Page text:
One of the most luminous and moving additions to the museum is Common Sky, a new site-specific commission by Olafur Eliasson and Sebastian Behmann of Studio Other Spaces in the Seymour H. Knox Building. The Knox Building was part of the 1962 Bunshaft addition and previously contained an open-air courtyard that was largely inaccessible to museum visitors, especially during Buffalo’s long winter months. Common Sky now encloses that courtyard, renamed the Ralph C. Wilson Town Square.

At once architectural and sculptural, Common Sky presents a canopy of glass and mirrors rendered in alternating triangular segments that allow the light to pour into the space below. Visitors can look up and see themselves reflected in the mirrors too, creating a synergistic and kaleidoscopic pushing and pulling of reflections and space. Common Sky’s form tapers into the courtyard itself, with a cyclone-shaped column that leads to a complex system of drains below. This asymmetrical element nods both to the location of a lone hawthorn tree planted in the original courtyard in the 1960s,  while simultaneously serving as a drainage system of rain and snow that Buffalo is famed for.

During a press tour, it was impossible to ignore the lingering smoke in the air blown south from Canadian wildfires, and in that sense, the installation was a poetic and powerful encapsulation of our interconnected existence—a reflection on the shared experience of the sky.

“As an artwork, it sensitizes you to the world outside, to the surrounding environment of Buffalo. It draws your attention to things that are difficult to measure, to things that depend on emotion and on your active involvement,” said Eliasson.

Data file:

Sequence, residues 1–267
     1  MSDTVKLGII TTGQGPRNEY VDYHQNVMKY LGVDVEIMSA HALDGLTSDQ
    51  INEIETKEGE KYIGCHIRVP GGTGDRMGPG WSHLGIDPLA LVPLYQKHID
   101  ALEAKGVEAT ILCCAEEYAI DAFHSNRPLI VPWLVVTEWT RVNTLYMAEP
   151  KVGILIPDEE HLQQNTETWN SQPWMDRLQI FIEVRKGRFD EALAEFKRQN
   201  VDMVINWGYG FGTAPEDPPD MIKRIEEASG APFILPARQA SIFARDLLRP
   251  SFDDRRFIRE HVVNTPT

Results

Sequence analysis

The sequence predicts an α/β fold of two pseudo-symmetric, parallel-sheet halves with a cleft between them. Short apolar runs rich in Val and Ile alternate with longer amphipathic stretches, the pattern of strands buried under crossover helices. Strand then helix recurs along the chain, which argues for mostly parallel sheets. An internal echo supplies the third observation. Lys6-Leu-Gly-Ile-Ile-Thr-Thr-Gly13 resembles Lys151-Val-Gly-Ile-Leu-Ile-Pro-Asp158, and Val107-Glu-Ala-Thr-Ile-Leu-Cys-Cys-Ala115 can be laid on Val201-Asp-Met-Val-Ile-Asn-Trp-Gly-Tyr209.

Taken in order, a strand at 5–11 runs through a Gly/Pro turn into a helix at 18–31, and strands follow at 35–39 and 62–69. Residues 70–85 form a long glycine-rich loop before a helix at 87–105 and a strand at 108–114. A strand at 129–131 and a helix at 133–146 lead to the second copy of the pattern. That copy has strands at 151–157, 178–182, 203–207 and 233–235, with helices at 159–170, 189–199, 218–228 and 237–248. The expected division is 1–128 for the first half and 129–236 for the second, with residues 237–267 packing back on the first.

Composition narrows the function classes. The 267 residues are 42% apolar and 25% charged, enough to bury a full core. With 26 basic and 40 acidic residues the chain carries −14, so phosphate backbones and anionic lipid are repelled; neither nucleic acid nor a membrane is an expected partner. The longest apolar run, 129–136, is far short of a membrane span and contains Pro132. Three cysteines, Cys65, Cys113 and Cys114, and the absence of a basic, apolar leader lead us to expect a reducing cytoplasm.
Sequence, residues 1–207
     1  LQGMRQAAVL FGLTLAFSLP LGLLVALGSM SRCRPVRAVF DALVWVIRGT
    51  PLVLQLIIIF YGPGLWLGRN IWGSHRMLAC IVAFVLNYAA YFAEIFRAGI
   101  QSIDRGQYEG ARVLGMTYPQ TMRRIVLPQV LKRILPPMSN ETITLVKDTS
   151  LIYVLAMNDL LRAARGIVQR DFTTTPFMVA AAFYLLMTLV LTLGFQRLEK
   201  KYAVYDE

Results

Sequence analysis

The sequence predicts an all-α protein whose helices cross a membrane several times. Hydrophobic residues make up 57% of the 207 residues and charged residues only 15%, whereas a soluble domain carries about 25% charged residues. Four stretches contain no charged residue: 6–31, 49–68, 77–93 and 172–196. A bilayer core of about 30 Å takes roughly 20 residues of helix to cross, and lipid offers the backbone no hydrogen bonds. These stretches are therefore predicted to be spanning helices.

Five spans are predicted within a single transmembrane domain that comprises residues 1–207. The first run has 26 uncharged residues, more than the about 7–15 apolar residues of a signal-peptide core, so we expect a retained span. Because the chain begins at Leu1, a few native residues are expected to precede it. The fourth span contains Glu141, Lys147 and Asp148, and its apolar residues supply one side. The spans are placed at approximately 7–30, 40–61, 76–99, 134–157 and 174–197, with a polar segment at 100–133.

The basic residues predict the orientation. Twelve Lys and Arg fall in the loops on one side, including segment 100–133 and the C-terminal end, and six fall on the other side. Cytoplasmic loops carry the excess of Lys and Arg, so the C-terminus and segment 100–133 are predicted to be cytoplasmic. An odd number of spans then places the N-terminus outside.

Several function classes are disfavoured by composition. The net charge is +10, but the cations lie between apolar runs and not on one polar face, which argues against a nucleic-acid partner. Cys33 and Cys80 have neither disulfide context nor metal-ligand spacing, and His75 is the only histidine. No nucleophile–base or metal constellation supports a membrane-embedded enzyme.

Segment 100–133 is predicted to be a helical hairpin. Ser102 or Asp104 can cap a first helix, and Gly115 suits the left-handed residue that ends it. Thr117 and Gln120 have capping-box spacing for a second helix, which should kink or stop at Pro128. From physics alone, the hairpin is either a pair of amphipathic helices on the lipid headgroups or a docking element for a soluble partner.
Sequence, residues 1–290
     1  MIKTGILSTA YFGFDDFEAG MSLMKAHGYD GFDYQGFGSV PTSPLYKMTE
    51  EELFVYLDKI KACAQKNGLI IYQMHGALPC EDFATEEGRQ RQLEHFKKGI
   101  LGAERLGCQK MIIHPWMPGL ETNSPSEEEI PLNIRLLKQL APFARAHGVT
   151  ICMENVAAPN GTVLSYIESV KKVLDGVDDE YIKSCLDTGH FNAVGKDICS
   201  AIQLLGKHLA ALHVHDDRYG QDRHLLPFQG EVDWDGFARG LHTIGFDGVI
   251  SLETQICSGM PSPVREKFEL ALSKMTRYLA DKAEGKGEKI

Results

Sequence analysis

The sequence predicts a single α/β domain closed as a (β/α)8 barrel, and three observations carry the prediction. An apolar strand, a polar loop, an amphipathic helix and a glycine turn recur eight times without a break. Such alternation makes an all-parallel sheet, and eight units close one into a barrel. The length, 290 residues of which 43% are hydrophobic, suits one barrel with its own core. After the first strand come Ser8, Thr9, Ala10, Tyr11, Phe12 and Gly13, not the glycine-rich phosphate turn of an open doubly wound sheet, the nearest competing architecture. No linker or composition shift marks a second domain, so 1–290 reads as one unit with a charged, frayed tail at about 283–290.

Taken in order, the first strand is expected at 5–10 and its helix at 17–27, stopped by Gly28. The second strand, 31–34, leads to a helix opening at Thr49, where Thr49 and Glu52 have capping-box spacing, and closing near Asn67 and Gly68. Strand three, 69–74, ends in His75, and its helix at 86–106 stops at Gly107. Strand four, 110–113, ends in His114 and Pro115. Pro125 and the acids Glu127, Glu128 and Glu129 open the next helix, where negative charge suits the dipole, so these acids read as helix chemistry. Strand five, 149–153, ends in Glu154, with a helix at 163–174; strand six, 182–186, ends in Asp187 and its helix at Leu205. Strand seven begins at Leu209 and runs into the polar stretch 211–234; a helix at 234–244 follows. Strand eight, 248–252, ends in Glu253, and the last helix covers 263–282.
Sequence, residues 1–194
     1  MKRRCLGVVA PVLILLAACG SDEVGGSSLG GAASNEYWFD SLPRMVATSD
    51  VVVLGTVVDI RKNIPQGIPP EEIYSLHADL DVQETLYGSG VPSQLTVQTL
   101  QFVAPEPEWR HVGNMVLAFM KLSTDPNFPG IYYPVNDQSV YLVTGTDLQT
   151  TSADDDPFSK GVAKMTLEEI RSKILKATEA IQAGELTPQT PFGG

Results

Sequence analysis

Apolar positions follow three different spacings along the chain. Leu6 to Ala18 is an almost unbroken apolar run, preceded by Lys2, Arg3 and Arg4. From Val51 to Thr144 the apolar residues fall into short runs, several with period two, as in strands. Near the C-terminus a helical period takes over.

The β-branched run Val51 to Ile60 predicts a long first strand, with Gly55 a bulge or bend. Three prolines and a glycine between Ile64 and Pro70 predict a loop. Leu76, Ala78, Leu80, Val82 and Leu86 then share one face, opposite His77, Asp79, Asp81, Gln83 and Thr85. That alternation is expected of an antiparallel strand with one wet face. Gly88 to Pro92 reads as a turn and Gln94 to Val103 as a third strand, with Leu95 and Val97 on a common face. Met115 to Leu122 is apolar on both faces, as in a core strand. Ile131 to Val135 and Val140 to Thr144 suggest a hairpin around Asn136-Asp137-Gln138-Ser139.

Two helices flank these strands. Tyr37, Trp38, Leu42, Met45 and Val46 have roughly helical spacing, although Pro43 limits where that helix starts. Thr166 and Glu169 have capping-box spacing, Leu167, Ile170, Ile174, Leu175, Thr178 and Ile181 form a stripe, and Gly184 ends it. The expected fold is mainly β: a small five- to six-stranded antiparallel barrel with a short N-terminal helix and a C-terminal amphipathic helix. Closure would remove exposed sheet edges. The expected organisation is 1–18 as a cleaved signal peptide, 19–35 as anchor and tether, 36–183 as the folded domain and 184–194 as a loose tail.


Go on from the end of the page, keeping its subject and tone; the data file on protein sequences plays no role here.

Along with Common Sky, the Knox Building also houses Cornelia, a new restaurant that includes a 30-foot glass mosaic by Firelei Baez, five studio classrooms, and Creative Commons, a first-ever museum learning center in partnership with the LEGO Foundation. Visitors will be able to see rotating installations from the museum’s permanent collection at the 2,000-square-foot M&T Bank gallery free of charge. Currently on view is “Looking Back: Lucas Samaras’s Mirrored Room,” which presents the artist’s work Room No. 2 (1966), commonly known as Mirrored Room and among the most beloved works in the museum’s collection. 

A Storied Collection That’s Writing New Chapters 

In many ways, Buffalo AKG’s renovation allows curators to showcase what it’s already had—a stellar permanent collection. Entering the museum’s main structure, the 1905 Neoclassical Wilbers building, the museum has for the first time been able to showcase a breadth of its storied holdings thanks to expanded gallery space.

Greeting visitors as they enter is Albert Bierstadt’s The Marina Piccola, Capri (1859), which was gifted to the museum by the artist when it opened in 1863. Pablo Picasso’s La Toilette (1906), another collection gem, is also on view, a nude so frank its acquisition scandalized the public, along with Giacomo Balla’s iconic Futurist work, ​​(Dynamism of a Dog on a Leash) (1912).

The museum has particularly vast holdings of abstraction and here it dazzles. Jackson Pollock’s Convergence (1952) is so strikingly fresh-looking, one can imagine a hint of how audiences in the 1950s felt seeing his work for the first time. Joan Mitchell’s George Went Swimming at Barnes Hole, but It Got Too Cold (1957) is similarly awe-inducing. The largely chronological hang also includes top-tier works by Frida Kahlo, Romare Bearden, and Marisol, many other names familiar and those less so.

31 View of the Sculpture Court in the Wilmers Building with, from left to right, Aristide Maillol, La Nuit (Night), 1902-1909; Morgan Russell, Synchromy in Orange: To Form, 1913- 1914; Wilhelm Lehmbruck, Die Knieende (Kneeling Woman), 1911. Photo by Gregory Halpern.